Exploration spending in Australia at lowest level in nearly 10 years
The Australian Bureau of Statistics released data that shows exploration spending in Australia hit a near-decade low of $381 million in three months to March with the biggest decline coming in the iron ore sector with a 76 percent drop.
The total national investment dropped 13.4 percent during the March quarter.
This is the lowest estimated total spend the ABS has reported since September 2006, when investment was $380 million. It is down more than 60 percent from the high of $1 billion invested in the industry in March 2012.
The Sydney Morning Herald reported that during the quarter, Queensland led the decline across the states, with spending down 32 percent, or $31 million. Western Australia's exploration spending dropped $30 million, or 12 percent, led by a substantial drop in iron ore expenditure.
A breakdown of the original non-adjusted data revealed exploration on new, or greenfields, deposits hit a decade-low of $91 million during the quarter. After a slight recovery during the December quarter, which provided a glimmer of hope to some industry commentators, the spending on greenfield exploration declined 40 percent in the March quarter.
The data also showed the total spent on iron ore exploration declined the most by commodity, down 43.4 percent during the quarter.
A severe slide in the price of iron ore has put a freeze on much of the investment in iron ore exploration, with even the biggest miners holding off on plans to explore in order to conserve cash.
A mere $82.1 million was spent nationally on iron ore exploration in the March quarter, the lowest level in eight years. This is down 76 percent lower from the peak spent on the commodity in mid-2012 when the iron ore price was sitting around $US140/t.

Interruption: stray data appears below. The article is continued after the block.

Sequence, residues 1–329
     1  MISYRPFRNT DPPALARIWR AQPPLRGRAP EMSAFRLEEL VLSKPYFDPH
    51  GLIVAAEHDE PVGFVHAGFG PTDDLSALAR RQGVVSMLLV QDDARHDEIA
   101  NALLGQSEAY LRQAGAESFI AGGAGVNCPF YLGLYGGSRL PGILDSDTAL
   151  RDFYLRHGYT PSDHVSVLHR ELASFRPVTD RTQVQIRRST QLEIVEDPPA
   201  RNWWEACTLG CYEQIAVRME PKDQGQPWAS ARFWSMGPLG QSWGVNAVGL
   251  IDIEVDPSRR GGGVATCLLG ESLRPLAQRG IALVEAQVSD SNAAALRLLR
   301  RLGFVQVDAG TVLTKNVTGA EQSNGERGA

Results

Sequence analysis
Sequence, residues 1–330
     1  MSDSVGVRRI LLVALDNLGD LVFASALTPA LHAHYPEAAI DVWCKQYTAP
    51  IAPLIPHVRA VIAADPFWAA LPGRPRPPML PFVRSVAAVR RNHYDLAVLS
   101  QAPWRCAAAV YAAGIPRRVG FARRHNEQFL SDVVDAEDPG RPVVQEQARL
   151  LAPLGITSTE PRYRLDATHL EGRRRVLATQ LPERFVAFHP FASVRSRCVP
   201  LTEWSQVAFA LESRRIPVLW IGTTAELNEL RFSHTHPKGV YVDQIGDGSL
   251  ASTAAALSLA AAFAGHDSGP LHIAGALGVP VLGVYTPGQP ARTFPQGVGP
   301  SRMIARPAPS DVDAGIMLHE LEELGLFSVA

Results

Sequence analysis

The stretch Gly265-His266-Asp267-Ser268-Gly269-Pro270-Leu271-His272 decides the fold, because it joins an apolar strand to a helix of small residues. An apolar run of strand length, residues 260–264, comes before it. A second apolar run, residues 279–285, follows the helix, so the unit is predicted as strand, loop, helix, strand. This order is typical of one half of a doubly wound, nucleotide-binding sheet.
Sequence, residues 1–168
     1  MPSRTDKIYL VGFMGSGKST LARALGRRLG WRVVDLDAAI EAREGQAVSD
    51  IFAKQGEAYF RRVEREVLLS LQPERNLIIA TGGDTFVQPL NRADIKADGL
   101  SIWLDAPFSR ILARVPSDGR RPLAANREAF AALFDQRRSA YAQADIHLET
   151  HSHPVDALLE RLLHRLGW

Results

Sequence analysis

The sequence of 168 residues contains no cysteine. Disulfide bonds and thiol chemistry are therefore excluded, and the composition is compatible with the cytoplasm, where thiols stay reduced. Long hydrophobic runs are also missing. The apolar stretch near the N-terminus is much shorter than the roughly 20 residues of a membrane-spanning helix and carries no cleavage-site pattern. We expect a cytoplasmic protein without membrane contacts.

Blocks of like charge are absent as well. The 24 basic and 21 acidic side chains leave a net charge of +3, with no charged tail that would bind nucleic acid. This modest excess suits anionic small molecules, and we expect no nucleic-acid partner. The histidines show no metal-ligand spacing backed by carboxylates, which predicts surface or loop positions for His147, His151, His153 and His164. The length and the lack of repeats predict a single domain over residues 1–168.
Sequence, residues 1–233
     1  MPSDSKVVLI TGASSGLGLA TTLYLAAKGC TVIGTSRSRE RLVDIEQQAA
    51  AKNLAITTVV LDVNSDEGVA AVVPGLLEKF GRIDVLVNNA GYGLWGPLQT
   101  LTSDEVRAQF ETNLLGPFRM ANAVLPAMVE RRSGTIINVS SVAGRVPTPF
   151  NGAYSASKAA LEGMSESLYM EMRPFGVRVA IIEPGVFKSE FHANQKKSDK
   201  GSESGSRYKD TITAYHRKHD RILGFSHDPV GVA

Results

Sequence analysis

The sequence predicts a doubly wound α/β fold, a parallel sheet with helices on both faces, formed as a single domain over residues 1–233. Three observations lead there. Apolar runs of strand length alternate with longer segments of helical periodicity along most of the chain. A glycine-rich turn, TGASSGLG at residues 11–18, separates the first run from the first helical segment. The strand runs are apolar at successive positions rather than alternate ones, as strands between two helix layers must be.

The second-largest decrease by commodity was on coal exploration which was down more than 44 percent or $34 million.
Earlier this year Association of Mining and Exploration Companies chief executive Simon Bennison highlighted the importance of continued exploration, given the long lead time between exploration and production. Bennison said it often took companies seven to 10 years to progress from an initial exploration application to first production at a project.
The exploration downturn also has repercussions for contractors seeking work from the nation's explorers and miners. The decline in spending is so fierce it has forced some drilling contractors to diversify into other industries to find work.
Grain farmer Dan Cooper told Fairfax Media in April he was using mineral exploration drills to search for water on his property because they were offering better rates. The exploration downturn had provided him with the opportunity to cinch cheap drilling rates.
Cooper said he was able to get holes drilled for about half the rate he was quoted a year ago from traditional bore-hole drillers.
While it's a silver lining for Cooper, it isn't good news for drilling contractors such as locally listed Boart Longyear, which last month flagged ongoing price pressure in its drilling services division.
In its first-quarter results released in May, Boart said rig utilization averaged just 35 percent, with revenue lower year-on-year in both its drilling services and product sales divisions.